An onlooker stands amid rubble outside Iran's embassy in southern Beirut. (AFP/Getty Images)

Today's bombings in Beirut, which killed 23 people just outside the Iranian Embassy, have once again raised fears that the civil war in neighboring Syria could spread more widely into Lebanon. Will it?

There are good reasons to worry. Lebanon has seen several eruptions of violence, thought by many to be spillover from Syria. The two countries share similar sectarian divisions and are deeply interlinked. The Lebanese militant group Hezbollah is fighting in Syria on behalf of Bashar al-Assad's government, for example, and Iran is heavily involved in both countries. Maybe most worrying of all, Lebanon endured its own sectarian civil war, from 1975 to 1990, and remains divided along sometimes-tense ethnic and religious lines.

But Thanassis Cambanis, a Beirut-based journalist who wrote a great book on Hezbollah, makes a compelling case that Lebanon is probably not on the verge of combusting. Writing on his personal blog, Thanassis points out that "the major players in Lebanon" all still have a vested interest in preserving  stability and the status quo there.

Here's Thanassis:

The major actors with organizations in Lebanon, including the Sunnis who support the Syrian rebels, as well as the Hezbollah constituents who support the Syrian government, benefit from the truce in Lebanon. Beirut especially serves as a neutral area where all parties communicate with each other, raise funds, and do their political work.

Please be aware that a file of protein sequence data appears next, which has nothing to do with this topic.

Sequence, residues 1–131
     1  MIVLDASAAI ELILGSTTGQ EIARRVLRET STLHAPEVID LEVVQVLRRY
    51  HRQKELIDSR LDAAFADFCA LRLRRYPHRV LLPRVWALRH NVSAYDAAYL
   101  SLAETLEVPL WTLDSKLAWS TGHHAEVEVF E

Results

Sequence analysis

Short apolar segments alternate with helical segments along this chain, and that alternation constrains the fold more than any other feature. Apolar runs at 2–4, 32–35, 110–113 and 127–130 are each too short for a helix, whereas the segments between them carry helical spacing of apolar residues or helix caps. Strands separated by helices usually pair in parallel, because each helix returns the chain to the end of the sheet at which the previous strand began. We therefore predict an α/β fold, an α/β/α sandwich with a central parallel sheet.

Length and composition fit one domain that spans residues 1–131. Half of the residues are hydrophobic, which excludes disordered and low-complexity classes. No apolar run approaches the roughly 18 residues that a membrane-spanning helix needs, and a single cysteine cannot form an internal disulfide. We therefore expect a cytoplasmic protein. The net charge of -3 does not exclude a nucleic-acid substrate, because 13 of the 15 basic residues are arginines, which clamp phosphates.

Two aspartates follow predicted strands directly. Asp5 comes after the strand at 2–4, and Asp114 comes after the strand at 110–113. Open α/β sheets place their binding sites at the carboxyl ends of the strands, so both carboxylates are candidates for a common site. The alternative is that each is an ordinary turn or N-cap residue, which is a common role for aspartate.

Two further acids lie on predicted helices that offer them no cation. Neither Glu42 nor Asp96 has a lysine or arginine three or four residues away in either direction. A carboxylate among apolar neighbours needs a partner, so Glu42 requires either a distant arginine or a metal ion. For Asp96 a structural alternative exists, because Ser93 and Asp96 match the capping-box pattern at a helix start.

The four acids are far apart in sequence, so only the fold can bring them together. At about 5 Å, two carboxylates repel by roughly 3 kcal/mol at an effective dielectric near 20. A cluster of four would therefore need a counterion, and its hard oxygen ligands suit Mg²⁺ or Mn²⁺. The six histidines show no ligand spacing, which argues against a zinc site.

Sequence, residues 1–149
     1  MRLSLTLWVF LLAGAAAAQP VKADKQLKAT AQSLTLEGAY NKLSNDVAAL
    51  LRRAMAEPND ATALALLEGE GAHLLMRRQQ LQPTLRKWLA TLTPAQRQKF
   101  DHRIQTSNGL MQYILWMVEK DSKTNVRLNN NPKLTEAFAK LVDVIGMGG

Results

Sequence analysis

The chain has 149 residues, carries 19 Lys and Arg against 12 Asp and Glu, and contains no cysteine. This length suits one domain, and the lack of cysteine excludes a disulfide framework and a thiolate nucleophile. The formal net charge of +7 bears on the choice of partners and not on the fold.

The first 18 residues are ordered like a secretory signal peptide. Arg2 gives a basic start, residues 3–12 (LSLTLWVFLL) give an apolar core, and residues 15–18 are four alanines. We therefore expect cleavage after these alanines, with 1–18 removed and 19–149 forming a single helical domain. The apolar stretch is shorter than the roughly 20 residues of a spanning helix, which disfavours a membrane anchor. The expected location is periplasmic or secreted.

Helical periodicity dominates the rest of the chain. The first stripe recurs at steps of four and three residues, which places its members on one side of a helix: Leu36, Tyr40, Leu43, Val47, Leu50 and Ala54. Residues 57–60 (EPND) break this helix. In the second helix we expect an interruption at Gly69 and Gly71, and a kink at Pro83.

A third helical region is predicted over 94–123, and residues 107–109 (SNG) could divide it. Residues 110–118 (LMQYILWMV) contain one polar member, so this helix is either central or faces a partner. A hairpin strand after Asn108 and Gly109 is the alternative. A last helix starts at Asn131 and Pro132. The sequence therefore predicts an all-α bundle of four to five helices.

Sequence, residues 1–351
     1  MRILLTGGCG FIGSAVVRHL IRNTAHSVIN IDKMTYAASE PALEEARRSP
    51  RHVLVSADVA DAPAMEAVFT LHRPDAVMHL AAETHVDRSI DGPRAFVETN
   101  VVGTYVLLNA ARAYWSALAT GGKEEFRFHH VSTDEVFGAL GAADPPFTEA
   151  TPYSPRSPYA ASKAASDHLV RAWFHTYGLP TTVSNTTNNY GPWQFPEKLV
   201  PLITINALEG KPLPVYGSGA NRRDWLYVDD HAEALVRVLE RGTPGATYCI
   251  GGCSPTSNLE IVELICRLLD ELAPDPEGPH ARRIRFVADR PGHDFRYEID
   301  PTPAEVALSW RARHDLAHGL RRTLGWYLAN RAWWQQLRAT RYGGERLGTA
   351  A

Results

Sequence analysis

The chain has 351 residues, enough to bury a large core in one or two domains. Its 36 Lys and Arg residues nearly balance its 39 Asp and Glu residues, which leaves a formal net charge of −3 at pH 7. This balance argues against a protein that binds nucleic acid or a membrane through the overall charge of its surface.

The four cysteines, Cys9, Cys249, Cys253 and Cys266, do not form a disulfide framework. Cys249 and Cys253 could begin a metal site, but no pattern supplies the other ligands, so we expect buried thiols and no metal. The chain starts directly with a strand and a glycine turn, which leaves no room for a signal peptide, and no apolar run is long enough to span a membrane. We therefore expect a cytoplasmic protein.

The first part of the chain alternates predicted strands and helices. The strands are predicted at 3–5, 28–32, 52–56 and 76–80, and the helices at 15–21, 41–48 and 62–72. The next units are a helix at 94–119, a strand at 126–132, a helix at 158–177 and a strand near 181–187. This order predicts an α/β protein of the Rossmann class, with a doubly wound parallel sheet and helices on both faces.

He sees another reason for hope in Iran's immediate reaction to the bombing, which was to blame Israel. Anything is possible, but right now it seems most probable that the bombing was carried out by Sunni groups, who are actively fighting Iran in Syria and have the clearest immediate interest in degrading Tehran's reach there. Bombing an embassy also seems more like something that Syria's Sunni rebels would do than a typical Israeli action. Thanassis suspects that Iran knows all this. "Blaming Israel is a calming gesture," he writes. "Even if Hezbollah and Iran suspect a local or Syrian Sunni network, it deflates tension to pin the attack on Israel."

Of course, as he acknowledges, bombings like this are still bad; a number of people were killed and injured today. And that's likely to continue as long as Syria is in a state of civil war. But the silver lining is that Lebanon itself, Thanassis suspects, may be able to resist falling into "outright conflict." It's just not in anybody's interest to see another Lebanese civil war.